Overall, it’s a fun comedic movie with a romance at the center but plenty of stuff surrounding it that make it an a-typical romantic comedy. I love Susan Sarandon as Annie and Tim Robbins really does play a good affable lump, doesn’t he? And much as I dislike the smugness, I think this role is a tossup with Ray Kinsella for Kevin Costner. Both excellent performances from him. It’s a good script, full of quick and clever lines. Sometimes Annie’s voiceover exposition is a little much, but I don’t mind it. It gets sentimental without getting maudlin and in the end I feel like all three main characters got to actually stay who they were to begin with, just in a far better configuration.

April 5, 2011 Posted by | daily reviews | , , , , | Leave a comment

Movie 400 – Field of Dreams

Field of Dreams – April 4th, 2011

A few things before I really get to the movie: One, we are now on movie 400. That’s pretty amazing to me. 400 movies in 400 days. We’ve watched through conventions, holidays and hospital visits. We’ve seen new movies, old movies, movies we liked, movies we hated. And we have a little under 200 more to go. I look at our list now and what’s left feels so small in comparison with when we started. Two, I had no idea this movie was based on a book. I often read through the IMDB trivia while we watch, because I like having a head full of pointless facts, and quite a lot of it had to do with the adaptation. Tomorrow I think I’m going to track down a copy of the book and check it out, because while I enjoy the movie, tidbits about the book intrigue me.

Now, on to the movie itself. This is one of those movies that everyone’s seen. It’s become a bit of a cultural icon, with the “If you build it…” line being quoted and spoofed all over the place. As is common with such things, it’s sort of reached the point where it’s inevitable that for every person who loves it and maintains that it’s a well made and meaningful movie, there’s someone else who thinks it’s overrated and maudlin. I fall somewhere in between. Because while I can see some of the criticism, I can’t deny that the movie makes me tear up every time I watch it. It has an emotional impact I appreciate.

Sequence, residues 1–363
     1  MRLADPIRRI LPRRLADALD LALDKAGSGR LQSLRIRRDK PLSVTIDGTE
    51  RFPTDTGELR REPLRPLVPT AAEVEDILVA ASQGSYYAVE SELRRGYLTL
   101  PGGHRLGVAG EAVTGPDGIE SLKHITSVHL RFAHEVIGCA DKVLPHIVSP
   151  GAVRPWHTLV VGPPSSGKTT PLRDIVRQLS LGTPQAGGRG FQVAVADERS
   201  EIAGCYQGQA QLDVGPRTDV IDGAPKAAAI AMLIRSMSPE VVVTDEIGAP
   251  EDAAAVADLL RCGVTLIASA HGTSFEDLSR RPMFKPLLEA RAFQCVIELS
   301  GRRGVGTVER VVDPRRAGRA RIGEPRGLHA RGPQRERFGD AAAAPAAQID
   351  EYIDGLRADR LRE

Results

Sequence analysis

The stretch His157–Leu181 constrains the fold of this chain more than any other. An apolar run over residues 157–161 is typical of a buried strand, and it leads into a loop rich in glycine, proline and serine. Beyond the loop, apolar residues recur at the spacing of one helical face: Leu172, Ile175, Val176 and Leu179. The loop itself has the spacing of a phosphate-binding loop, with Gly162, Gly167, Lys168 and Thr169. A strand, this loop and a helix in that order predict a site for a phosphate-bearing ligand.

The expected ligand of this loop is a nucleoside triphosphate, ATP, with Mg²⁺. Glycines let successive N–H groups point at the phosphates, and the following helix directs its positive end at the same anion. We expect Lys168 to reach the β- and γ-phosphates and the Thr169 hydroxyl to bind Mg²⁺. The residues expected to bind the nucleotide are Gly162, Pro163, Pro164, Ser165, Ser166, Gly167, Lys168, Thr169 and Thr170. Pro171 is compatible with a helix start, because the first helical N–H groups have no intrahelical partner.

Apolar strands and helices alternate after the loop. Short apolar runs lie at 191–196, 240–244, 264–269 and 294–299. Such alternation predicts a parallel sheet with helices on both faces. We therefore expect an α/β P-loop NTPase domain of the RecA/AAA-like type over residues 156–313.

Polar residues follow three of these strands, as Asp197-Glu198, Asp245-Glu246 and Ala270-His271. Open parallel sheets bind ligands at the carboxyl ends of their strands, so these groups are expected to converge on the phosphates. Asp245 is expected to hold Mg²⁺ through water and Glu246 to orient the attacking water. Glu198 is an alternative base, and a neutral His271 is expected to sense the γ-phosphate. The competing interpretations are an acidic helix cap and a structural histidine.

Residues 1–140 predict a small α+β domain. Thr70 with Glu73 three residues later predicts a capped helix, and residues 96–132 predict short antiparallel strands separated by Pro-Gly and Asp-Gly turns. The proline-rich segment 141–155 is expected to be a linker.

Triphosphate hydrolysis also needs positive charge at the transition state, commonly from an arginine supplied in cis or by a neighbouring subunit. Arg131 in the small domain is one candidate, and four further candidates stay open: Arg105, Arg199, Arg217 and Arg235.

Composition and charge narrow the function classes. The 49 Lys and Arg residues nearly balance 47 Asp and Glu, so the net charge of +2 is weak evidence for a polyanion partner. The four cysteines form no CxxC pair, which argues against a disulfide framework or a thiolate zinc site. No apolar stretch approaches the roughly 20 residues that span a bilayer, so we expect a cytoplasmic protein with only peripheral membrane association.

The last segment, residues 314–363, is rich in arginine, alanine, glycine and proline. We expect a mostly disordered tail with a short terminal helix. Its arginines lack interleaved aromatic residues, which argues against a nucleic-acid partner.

The thing is, baseball is a vehicle here. Much as it is in The Natural. There’s a story to be told and baseball is used to carry it. I guess I just find this particular story more interesting. It’s a story about redemption and choices and family and growing up and growing old. We meet our main character, Ray Kinsella, and get a quick review of his life. He grew up in New York, rooted for the team opposing his father’s favorite. Resented his father’s push towards baseball. Headed to California for college and immersed himself in the 60s counter culture. He ended up marrying and starting a family, buying a corn farm in Iowa. His father died before they could make amends. They argued about baseball and “Shoeless” Joe Jackson and the Black Sox scandal and that sets the stage for the movie.

Ray hears a voice out in the corn one day. It tells him to build something and later he sees a baseball diamond out in his field. So he builds it. He sinks his family’s entire savings into it. And his wife is skeptical, but she helps him because he is utterly passionate about it. He has to build it. And after he does, “Shoeless” Joe shows up in the diamond. Young and in the prime of his career. Other players soon join him but he’s not done. Soon he’s tracking down an author named Terrence Mann, who heavily influenced his young adulthood. Then they go to find a man who played only a single game in the majors before retiring. Yes, it’s about baseball, but it’s a quest too. Complete with a road trip.

What I love about the movie is that it isn’t just about baseball. Yes, the sport is a keystone in the plot, but there’s a lot more to it. There’s a whole literary theme going on, with Mann and his works being a major point in Ray’s character. And there’s a strong theme of family, with Ray and his wife working as a team, with Ray and his daughter talking baseball and watching the ghosts of old greats play on their field. Ray’s wife Annie’s brother Mark shows up to threaten the farm, which is going bankrupt thanks to the space the baseball field takes up. And the spectre of Ray’s father, John, hovers through the entire story. And my favorite character (aside from Mann, who is played wonderfully by the fantastic James Earl Jones) is one who barely plays at all.